For these Central Illinois students, video games are serious business
Skylar Guimond was watching the Super Bowl with friends when the subject of esports came up. His friends asked why anyone would watch people playing video games.
The irony wasn’t lost on Guimond, who is helping build a varsity esports program at Heartland Community College, where he is director of student engagement.
“We were watching people play football,” said Guimond. “What’s so different about watching someone else play a video game?”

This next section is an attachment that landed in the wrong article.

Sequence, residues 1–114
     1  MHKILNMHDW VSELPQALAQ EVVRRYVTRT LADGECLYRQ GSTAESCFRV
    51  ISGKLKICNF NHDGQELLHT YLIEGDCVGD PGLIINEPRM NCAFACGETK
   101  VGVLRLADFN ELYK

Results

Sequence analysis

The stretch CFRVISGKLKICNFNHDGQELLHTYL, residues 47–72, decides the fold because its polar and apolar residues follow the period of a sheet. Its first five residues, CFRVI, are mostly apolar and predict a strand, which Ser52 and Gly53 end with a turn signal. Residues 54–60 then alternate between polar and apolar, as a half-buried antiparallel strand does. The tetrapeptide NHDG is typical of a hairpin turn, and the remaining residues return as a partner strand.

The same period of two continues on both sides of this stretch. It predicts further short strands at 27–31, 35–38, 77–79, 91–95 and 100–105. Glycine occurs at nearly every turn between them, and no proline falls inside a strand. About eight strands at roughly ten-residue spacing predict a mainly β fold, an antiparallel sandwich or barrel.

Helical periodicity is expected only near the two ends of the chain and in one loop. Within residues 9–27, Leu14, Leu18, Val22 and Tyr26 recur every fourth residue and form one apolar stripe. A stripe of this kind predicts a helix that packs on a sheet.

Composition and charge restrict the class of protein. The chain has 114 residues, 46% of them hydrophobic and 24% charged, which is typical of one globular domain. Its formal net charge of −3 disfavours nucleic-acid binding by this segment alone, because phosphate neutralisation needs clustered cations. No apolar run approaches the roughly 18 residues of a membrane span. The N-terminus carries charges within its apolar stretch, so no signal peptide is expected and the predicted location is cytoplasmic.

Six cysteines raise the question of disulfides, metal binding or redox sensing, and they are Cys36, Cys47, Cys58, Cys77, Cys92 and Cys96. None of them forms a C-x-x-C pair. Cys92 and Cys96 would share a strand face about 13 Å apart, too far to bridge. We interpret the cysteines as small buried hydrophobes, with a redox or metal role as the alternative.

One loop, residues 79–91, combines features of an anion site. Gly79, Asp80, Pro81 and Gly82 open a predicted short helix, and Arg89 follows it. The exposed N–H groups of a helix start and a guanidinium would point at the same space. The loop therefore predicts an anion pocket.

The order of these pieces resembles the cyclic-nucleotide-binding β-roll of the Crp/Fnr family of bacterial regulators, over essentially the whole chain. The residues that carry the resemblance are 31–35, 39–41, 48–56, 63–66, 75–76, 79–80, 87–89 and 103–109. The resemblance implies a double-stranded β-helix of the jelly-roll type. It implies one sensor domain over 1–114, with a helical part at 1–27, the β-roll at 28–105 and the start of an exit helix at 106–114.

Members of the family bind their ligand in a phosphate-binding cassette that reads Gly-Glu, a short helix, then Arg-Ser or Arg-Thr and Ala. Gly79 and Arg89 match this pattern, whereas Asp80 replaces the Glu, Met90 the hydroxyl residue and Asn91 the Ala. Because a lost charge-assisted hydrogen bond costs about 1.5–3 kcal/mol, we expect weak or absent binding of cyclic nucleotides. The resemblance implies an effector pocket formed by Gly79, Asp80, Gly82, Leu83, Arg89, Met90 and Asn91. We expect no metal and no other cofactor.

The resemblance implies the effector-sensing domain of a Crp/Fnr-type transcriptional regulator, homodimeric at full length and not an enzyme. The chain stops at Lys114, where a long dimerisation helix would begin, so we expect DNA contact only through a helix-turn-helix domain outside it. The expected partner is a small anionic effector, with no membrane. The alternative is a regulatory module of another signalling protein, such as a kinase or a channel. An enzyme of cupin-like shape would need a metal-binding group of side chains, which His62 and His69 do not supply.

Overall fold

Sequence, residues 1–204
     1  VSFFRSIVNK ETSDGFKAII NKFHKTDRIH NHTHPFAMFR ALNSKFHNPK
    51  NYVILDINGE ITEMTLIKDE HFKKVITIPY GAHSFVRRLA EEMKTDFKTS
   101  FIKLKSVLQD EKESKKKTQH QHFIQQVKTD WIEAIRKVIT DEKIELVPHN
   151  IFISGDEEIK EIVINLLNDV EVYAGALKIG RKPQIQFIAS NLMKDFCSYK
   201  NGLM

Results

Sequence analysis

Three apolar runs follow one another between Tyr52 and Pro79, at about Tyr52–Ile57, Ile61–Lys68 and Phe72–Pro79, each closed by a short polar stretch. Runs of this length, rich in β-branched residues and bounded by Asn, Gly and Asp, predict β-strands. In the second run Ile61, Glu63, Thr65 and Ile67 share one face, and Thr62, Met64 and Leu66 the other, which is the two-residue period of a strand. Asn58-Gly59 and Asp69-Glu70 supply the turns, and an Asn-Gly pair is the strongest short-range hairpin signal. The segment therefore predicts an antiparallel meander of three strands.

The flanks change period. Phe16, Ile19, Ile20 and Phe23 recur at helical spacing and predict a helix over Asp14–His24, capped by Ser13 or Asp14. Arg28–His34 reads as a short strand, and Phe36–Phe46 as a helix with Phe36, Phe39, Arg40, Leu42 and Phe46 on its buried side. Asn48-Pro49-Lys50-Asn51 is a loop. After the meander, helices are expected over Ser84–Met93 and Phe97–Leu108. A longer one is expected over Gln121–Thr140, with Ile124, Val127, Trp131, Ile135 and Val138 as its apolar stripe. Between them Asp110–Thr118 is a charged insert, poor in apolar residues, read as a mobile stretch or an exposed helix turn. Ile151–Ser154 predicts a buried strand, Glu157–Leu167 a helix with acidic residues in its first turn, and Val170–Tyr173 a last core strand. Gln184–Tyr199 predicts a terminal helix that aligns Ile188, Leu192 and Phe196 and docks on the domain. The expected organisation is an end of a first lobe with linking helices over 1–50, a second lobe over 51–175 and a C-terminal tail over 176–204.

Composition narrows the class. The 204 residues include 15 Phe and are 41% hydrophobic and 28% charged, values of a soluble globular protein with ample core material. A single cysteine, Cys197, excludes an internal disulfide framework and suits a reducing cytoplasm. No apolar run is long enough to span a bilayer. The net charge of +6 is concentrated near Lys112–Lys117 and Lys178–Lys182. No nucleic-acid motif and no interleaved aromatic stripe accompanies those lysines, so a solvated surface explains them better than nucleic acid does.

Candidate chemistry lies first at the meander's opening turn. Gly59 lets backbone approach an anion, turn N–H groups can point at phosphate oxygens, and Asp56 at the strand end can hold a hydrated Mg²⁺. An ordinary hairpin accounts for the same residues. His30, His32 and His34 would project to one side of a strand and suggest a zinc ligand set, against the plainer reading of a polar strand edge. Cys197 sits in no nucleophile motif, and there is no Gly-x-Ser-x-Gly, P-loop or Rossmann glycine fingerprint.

Esports — electronic sports or video gaming — is “one of the fastest growing spectator sports in the world,” said Mark Perdue, Lincoln College athletic director.
Activate, a technology consulting firm, estimates that more than 250 million people watch esports.
Last month, the Sixty Six Games Expo drew crowds to Bloomington’s Grossinger Motors Arena for the second year in a row with League of Legends esports tournaments, a retro gaming lounge and an esports clinic for schools interested in adding or expanding esports programs.